After the breakup of our band, I started to sing with the traditional Jewish music ensemble “Yosef-Kapelye” (with Ivan Lebedev and famous violin player Alexey Rozov), and I continue singing with these excellent musicians in Moscow. We made several educational projects together: “Vitamin E” (2014-2016), “Jewish Music for Every Student” (2015-2016) and “Today I’m a klezmer” (2017).

I have no prior experience in leading tfillah except of these past months studying to be a Shliach Tsibur. I have held Shabbat services at home with my family for many years, but before studying I have never lead tfillah in a community.

Who do you do your cantorial studies with?
I study with Jalda Rebling, a famous specialist of Jewish music and Chazzan from Berlin.

How did you connect with Jalda Rebling?
Through EAJL (European Academy for Jewish Liturgy) Chazzan Jaclyn Chernett paired me up with Jalda Rebling as my teacher.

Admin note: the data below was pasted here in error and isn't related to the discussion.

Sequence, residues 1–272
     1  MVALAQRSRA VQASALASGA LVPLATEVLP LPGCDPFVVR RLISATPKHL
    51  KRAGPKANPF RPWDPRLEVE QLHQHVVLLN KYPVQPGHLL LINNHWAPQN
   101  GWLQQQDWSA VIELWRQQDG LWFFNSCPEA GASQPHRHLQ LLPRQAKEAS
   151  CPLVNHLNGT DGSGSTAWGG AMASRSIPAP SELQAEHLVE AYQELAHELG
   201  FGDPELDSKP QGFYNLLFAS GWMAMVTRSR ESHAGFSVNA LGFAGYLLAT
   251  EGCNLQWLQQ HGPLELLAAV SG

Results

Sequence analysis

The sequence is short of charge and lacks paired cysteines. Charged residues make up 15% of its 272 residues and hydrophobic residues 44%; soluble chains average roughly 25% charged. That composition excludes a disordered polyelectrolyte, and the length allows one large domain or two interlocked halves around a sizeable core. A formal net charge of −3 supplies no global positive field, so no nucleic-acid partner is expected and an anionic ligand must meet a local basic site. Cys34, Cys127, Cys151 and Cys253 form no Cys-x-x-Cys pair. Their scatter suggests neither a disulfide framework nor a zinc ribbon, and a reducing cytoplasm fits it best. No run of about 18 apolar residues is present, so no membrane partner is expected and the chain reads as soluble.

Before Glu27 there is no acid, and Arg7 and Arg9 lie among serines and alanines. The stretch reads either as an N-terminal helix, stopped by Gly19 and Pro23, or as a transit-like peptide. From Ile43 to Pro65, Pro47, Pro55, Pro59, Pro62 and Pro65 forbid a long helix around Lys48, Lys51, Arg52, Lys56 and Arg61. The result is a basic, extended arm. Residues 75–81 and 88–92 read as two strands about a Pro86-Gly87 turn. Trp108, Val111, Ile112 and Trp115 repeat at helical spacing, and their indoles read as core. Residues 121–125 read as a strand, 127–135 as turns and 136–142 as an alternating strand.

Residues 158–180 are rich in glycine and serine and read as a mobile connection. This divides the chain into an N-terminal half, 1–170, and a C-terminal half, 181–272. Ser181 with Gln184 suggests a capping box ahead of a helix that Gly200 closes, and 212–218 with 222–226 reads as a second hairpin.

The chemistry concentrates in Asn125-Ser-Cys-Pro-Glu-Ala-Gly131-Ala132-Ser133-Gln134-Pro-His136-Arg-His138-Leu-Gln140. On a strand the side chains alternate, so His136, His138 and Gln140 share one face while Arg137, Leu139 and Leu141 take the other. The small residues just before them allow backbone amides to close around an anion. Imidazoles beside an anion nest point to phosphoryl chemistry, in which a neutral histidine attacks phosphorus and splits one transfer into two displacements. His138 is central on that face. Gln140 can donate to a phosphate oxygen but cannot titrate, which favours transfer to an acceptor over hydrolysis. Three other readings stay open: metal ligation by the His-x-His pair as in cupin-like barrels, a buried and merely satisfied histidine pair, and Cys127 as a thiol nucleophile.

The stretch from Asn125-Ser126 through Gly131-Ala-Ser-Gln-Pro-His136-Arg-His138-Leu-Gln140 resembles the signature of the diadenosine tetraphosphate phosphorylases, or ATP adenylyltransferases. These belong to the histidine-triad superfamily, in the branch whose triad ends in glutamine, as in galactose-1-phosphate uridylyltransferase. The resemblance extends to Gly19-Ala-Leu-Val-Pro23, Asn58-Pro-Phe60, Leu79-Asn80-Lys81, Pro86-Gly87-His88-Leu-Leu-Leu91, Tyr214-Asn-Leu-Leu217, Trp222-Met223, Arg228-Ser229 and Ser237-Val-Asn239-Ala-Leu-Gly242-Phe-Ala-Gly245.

How often and how long are your sessions, and what do you cover in a typical lesson?
We work for approximately one hour each week and we’ve already been working at it for about five months. At the moment we are working on traditional Ashkenazi nussach. Later on we will move on to the 19th and 20th century cantorial compositions of Louis Lewandowski and Solomon Sulzer etc. This summer I have been invited by EAJL to participate in the T´fillah Leaders Retreat in Oxford. As Chazzan Jalda says you have to experience how to create a k´hilla k´dosha.

How did you decide to become a cantor? What inspired you?
While studying at Klezmer festivals in different places I heard beautiful cantorial singing and I really liked this style. A few years ago, Masha Kopelyan, the leader of Marom Moscow, suggested to me that I become the cantor for the Marom community. At that time I was busy and had small babies so I refused, but several years later I came back to this idea and Rabbi Eytan Hammerman of Harrison, NY helped me find EAJL.

Do you currently lead services in a synagogue? If so, where and how often.